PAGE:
Jason and the Argonauts is a reinvention of the classic Greek myth set out as a video game in which the Gods select Jason to take on their challenges and find the Golden Fleece.
Reviewing a show intended for 6 to 12 year olds was definitely an odd one. On the one hand it definitely wasn’t my idea of a fun night, but on the other I can see that if you were a member of this target audience there would definitely have been a lot to keep you amused. Poop fell from the ceiling and actors shook their bums causing immeasurable amusement amongst the overwhelmingly young audience.
James Button’s set design is the show’s greatest asset. I found myself being constantly impressed by its diversity and creativity as it transported us from dark dungeons to stormy seas. Four ladders erupt from the stage to allow the actors to fly up high, fix masts and even create a sleeping quarters for the Argonauts. Adorning the back of the stage is a mast created from football shirts representing the team on board Jason’s ship.
Also impressive was the diversity of Jason and the Argonauts’ cast, which included an amputee Hercules along with a variety of accents and ethnicities. This was refreshing to see in a time when casting can seem at times quite exclusive, and a wonderful way to teach the next generation what theatre should be like.
The cast themselves were fantastic, telling the story in a very engaging way. I did at times get slightly lost about where characters had ended up and if they were dead or alive, most notably towards the end where two of the heroes appeared to have been involved in a fatal flying accident, but then turned up again later on. Dylan Townley was a definite stand out as the loveable Orpheus, transformed for this version into a keen young musician who’s new single eventually saves the day.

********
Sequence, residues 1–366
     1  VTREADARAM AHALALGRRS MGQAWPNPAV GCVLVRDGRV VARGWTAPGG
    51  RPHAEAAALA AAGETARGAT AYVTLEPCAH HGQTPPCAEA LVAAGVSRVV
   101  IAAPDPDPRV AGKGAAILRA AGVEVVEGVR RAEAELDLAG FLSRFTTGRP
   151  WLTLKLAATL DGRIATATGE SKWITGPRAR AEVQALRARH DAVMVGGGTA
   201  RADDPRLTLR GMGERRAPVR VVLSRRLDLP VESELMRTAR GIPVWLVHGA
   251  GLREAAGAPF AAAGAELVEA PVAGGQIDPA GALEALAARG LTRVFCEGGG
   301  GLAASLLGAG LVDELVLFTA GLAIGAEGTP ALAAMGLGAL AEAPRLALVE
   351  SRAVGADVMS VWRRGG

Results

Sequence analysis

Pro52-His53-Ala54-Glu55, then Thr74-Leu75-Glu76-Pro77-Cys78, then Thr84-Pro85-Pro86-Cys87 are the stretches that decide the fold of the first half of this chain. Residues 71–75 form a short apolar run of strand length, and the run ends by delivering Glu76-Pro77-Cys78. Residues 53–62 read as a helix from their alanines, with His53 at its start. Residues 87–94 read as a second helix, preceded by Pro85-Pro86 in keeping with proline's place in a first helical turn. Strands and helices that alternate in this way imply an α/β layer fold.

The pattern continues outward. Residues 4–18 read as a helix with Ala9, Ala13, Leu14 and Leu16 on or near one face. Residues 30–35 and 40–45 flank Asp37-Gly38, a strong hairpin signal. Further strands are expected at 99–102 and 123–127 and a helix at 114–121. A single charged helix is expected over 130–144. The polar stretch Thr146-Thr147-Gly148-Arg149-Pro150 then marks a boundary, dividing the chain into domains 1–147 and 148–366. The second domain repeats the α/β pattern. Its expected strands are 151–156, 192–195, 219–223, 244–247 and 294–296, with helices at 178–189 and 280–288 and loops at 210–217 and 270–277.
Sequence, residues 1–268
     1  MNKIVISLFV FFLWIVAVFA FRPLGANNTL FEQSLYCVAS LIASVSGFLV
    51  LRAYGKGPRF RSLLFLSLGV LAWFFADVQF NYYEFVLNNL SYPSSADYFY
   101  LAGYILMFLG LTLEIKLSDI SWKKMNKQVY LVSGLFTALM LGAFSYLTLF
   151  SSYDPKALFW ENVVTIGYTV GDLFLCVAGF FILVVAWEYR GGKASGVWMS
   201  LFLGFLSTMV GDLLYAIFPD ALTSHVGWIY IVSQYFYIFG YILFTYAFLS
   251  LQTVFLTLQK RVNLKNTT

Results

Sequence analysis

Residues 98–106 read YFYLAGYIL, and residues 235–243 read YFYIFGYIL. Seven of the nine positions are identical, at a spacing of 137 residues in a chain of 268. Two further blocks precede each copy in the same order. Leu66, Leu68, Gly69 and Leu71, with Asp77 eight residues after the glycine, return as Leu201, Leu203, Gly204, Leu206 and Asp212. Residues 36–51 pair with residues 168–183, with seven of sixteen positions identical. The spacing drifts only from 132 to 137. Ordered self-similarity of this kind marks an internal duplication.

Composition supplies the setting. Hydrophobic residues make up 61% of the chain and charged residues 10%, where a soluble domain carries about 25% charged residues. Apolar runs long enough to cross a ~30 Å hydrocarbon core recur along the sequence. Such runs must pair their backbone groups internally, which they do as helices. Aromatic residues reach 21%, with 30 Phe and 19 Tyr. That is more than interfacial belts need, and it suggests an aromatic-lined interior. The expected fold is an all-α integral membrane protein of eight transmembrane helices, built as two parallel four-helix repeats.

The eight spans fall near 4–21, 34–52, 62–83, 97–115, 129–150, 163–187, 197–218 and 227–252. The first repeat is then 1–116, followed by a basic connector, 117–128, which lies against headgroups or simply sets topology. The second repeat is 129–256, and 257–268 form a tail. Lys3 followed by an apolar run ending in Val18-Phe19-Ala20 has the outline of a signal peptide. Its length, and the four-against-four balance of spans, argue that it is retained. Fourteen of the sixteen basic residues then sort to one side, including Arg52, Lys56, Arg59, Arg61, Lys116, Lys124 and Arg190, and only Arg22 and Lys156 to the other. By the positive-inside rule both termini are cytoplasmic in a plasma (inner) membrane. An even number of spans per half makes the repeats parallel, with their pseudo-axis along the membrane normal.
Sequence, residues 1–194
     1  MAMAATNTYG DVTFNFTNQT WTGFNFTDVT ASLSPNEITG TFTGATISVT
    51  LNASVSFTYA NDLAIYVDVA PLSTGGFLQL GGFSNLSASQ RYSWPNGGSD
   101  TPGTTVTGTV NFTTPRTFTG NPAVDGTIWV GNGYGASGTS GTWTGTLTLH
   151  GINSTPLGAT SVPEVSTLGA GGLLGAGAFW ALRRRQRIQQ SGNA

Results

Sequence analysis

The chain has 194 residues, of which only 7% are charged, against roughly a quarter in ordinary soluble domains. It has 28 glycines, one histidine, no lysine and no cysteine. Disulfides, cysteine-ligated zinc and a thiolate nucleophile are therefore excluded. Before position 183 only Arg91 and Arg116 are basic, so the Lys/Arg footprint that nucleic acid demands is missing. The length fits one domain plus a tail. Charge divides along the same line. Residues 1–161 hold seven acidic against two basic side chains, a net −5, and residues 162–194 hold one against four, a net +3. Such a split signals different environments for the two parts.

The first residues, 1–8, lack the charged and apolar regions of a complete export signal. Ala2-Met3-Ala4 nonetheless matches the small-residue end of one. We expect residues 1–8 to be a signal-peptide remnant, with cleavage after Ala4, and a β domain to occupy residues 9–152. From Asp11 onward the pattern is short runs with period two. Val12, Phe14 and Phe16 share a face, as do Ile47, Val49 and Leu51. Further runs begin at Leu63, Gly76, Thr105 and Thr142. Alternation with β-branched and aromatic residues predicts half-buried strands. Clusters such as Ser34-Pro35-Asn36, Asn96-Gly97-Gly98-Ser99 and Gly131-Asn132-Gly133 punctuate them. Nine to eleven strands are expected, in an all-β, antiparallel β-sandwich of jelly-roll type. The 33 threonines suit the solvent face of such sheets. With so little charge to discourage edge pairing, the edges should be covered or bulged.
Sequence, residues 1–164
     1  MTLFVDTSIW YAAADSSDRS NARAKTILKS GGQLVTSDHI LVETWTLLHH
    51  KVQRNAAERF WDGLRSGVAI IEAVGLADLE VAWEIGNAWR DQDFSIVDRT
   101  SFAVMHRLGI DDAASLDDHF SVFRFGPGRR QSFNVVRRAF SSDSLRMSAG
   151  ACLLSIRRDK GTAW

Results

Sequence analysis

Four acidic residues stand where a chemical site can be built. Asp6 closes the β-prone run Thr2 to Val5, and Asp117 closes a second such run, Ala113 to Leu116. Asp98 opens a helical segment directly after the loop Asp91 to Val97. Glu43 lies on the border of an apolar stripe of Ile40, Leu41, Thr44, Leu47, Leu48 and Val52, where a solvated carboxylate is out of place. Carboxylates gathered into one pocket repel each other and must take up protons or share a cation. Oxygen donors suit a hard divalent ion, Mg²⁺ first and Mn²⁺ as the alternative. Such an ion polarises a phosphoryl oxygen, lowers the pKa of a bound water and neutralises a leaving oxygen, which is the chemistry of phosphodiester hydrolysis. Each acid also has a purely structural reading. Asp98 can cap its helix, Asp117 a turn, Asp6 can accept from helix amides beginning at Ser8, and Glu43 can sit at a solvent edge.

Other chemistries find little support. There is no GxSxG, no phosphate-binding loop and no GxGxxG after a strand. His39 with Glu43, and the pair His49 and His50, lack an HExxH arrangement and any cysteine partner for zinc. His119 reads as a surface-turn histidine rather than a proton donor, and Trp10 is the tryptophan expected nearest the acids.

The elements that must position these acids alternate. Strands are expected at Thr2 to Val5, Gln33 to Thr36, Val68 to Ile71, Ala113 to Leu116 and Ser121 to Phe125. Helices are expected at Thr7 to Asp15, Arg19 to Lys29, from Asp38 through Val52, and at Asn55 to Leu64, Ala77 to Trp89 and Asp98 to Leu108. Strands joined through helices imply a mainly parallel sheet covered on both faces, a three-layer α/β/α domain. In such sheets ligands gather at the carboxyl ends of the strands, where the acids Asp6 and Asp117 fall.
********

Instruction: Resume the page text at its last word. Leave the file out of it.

Jason and the Argonauts’ dialogue, though simplistic and easy to grasp, was at times quite cringey. It was very definitely geared to the younger audience members – understandably – but it would’ve been nice to also have another layer to keep the parents (who pay and take the kids to the theatre) amused.
To be fair to the show, it is aimed at children and makes no claims for this not being the case. If you took your younger relative to see the show I’m sure you’d be very popular, however I’m not sure that Jason and the Argonauts has the universal appeal to entertain both adults and children at equal measure.
Jason and the Argonauts is playing the Unicorn Theatre until 20 October 2016. For more information and tickets, see Unicorn Theatre website.